Decline in family and decline in religiosity

26 Jun

From the Weekly Standard:

‘Time was when the whole of life went forward in the family,” the historian Peter Laslett once wrote, “in a circle of loved, familiar faces. .  .  . That time has gone forever. It makes us very different from our ancestors.” Laslett was writing in 1965, as he lamented the decline of the family over the course of England’s industrial age. But even then, after a century and a half of upheaval, families in Great Britain and the rest of the West were relatively large, divorce was rare, and illegitimacy was frowned upon.


Today, barely two generations later, even Laslett’s fallen world looks impossibly Edenic: In most Western nations, cohabitation vies with marriage as the primary mode of household formation. Those marriages which are consecrated end in divorce roughly half of the time. Out-of-wedlock births are nearly the norm. But total births are relatively infrequent: No Western country produces enough children even to sustain its population at a constant level, let alone grow. Many Western countries are experiencing population decline as a result of their crashing fertility rates.

Over the last few decades, a great deal of social science has attempted to understand the collapse of the family. Most researchers agree that one of the large-bore causes has been the decline of religion: As Western peoples became increasingly secularized, they abandoned organized Christianity. Without religious precepts in favor of procreation, or against contraception or living in sin, they abandoned family life. This theory is so widely accepted as to be something like received wisdom. And in How the West Really Lost God, Mary Eberstadt turns it on its head.

A fellow at the Ethics and Public Policy Center (and a contributor to The Weekly Standard), Eberstadt has inverted the formulation to ask an intriguing question: What if the causality runs both ways? What if the decline of the family in the West is also part of what caused the decline of Christianity? Eberstadt begins by first reconsidering the entire theory of Western secularization. And what she finds might surprise you.

In its popular conception, the Nietzschean theory of secularization goes something like this: As the Enlightenment dawned, small groups of Western elites no longer needed the balm of religion and began to put down God’s yoke and step into the freedom of the modern, scientific world. Over time, their enlightened example trickled down the socioeconomic scale until everyone in the West, save the bitter clingers, was shorn of the God delusion.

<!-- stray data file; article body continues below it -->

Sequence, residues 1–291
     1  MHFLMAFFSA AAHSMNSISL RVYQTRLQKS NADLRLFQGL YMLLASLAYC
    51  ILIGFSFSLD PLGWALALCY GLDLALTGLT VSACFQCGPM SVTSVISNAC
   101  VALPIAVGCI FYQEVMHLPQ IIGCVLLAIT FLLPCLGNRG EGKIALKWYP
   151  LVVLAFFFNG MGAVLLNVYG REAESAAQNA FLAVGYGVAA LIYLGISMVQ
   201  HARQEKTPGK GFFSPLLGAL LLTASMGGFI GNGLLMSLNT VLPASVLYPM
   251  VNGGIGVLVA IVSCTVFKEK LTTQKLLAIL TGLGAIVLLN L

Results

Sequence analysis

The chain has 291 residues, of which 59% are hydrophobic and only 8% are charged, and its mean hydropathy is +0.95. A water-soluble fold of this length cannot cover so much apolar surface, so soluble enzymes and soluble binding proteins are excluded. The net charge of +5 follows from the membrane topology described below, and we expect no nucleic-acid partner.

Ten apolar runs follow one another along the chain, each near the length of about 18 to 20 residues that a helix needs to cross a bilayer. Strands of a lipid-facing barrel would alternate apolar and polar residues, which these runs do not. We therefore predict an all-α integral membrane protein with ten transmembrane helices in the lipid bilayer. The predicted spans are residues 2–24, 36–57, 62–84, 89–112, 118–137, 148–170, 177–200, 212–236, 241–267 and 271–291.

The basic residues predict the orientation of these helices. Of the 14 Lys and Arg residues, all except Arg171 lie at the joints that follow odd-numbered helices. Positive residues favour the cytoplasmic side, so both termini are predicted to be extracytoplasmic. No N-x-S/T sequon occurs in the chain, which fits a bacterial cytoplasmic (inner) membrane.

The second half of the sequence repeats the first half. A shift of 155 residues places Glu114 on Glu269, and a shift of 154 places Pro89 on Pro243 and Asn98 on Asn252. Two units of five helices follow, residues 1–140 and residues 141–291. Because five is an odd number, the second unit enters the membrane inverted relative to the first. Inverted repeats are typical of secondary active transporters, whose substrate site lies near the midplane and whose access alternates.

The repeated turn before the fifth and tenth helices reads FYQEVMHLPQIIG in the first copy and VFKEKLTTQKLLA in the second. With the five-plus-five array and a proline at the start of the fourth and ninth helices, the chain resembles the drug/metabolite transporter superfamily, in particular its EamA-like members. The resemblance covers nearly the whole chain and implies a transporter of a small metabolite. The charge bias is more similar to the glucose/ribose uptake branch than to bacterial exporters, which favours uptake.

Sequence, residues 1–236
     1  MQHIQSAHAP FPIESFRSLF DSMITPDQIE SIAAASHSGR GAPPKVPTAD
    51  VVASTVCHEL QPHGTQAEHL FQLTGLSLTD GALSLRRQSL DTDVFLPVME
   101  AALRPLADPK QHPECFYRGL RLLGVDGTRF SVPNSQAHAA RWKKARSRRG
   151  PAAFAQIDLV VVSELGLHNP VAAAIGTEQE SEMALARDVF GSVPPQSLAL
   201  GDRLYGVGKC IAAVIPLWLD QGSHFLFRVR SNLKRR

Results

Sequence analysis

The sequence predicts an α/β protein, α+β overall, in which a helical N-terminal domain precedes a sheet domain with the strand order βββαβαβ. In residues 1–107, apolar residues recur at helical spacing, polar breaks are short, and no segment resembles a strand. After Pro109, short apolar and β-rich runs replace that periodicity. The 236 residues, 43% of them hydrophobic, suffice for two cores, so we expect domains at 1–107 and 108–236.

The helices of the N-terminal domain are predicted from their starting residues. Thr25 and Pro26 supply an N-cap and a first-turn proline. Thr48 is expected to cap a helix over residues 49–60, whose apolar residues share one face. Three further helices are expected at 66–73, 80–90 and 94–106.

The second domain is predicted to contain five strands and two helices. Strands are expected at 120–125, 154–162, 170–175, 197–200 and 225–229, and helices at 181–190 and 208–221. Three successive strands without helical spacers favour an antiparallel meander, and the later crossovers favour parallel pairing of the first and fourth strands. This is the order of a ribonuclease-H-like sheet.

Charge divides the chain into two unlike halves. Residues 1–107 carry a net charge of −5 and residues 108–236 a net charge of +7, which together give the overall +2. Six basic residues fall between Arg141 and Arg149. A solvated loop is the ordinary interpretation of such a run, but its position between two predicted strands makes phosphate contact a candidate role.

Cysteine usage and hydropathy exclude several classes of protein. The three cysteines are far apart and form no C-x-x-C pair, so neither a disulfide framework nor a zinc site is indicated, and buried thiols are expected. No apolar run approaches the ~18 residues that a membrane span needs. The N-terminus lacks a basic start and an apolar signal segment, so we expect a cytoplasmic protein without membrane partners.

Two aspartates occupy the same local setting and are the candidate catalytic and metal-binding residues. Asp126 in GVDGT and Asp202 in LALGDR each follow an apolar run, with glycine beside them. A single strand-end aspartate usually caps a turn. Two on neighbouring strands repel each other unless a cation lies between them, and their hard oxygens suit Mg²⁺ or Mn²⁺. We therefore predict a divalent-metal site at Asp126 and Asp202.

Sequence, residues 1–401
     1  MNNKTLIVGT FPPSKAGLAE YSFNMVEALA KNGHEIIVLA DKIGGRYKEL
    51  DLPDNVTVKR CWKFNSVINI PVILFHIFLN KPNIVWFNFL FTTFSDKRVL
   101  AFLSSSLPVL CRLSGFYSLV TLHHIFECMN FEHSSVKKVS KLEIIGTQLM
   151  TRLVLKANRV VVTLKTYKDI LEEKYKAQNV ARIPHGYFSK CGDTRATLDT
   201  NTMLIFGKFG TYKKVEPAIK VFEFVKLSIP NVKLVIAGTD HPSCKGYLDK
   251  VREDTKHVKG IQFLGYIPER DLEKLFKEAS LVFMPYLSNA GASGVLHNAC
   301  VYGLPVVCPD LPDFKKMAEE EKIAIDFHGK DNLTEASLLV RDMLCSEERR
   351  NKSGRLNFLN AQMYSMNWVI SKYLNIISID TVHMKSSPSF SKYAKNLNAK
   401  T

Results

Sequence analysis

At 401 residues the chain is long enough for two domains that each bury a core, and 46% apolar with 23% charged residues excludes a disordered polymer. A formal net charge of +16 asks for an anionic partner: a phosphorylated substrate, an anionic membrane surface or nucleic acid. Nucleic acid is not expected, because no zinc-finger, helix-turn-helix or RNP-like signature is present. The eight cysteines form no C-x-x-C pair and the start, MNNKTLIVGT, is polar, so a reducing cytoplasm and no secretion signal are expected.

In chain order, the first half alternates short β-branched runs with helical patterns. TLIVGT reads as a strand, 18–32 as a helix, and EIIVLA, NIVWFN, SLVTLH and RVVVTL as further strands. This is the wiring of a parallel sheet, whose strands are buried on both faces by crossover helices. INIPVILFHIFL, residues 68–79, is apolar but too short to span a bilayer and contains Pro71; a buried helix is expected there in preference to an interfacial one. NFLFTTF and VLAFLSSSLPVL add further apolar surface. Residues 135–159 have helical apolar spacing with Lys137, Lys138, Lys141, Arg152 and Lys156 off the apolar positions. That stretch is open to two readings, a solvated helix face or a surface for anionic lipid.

Only, that’s not quite what the evidence shows. For one thing, across the West, religious adherence increases with education and income, and it has done so since the 18th century. For another, religious practice has both waned and waxed since the Enlightenment. Interestingly enough, one of the immediate surges in Western Christianity came in the first half of the 19th century, just after Voltaire gave up the ghost. And these moments of religious increase are found, in different times, across the whole of Europe and the United States.

What modern secularization theory really hangs its hat on is the year 1960, which is the moment when religious practice throughout the West swung against Christianity, as if on a hinge. And it has not (yet) swung back.

Focusing on 1960, Eberstadt proposes that Christianity’s waning might well be tied to the other key development of the day—the collapse of fertility rates across the West. There is not a small amount of statistical evidence to support her thesis. For instance, sociologist W. Bradford Wilcox’s research suggests that a third of the drop in American religiosity in recent years is directly related to there being fewer married adults with children. The work of Steven Nock demonstrates that marriage and childbearing directly affect male church attendance: Every child a married man has increases his annual church attendance by 2.5 Sundays. Other research suggests that cohabitation has the opposite effect, by causing men to decrease their time in church.

Pulling up to a higher, more abstract level, Eberstadt’s theory that there is a “Family Factor” driving religiosity becomes even more persuasive. Countries seem to always see their fertility and religiosity rates fall together. France, for instance, experienced these declines relatively early, while Ireland saw them later. So the two phenomena are always closely paired. And not just on a country-by-country basis, either. Across both Europe and America, we see intra-country differences in both fertility and religiosity varying by population density. In cities and urban settings, fertility rates are lower, marriage comes later, and people attend church more sparsely than in the suburbs and rural areas. This correlation is highly suggestive.

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